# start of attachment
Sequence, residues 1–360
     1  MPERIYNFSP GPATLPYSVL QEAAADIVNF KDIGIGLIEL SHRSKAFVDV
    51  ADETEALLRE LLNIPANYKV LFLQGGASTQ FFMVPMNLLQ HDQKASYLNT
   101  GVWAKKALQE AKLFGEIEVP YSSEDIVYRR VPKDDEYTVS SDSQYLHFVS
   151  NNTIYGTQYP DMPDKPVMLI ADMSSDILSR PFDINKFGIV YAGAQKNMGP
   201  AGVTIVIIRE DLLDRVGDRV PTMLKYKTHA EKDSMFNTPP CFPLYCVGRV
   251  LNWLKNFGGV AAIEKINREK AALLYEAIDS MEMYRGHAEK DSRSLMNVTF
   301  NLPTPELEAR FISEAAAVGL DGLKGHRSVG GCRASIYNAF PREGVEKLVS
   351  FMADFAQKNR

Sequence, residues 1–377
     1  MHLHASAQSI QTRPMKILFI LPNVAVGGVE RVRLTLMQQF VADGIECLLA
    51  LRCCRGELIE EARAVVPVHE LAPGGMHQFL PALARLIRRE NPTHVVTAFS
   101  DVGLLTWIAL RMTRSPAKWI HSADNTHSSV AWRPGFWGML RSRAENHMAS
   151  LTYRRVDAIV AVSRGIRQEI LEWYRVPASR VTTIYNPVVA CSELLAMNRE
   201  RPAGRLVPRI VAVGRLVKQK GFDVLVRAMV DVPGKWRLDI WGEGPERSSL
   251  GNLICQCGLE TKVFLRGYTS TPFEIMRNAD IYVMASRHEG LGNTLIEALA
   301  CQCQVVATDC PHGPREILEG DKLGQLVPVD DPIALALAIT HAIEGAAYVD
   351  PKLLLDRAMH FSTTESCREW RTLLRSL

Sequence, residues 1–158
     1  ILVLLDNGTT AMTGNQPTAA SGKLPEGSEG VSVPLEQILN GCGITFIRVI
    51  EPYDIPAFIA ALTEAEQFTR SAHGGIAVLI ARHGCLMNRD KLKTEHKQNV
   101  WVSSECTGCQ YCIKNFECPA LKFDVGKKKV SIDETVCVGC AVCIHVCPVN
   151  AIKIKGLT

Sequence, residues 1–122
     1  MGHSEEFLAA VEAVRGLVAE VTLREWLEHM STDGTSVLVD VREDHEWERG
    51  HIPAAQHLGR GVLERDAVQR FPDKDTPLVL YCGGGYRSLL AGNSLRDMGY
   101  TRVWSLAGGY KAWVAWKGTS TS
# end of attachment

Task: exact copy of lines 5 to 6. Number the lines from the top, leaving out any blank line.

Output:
   151  NNTIYGTQYP DMPDKPVMLI ADMSSDILSR PFDINKFGIV YAGAQKNMGP
   201  AGVTIVIIRE DLLDRVGDRV PTMLKYKTHA EKDSMFNTPP CFPLYCVGRV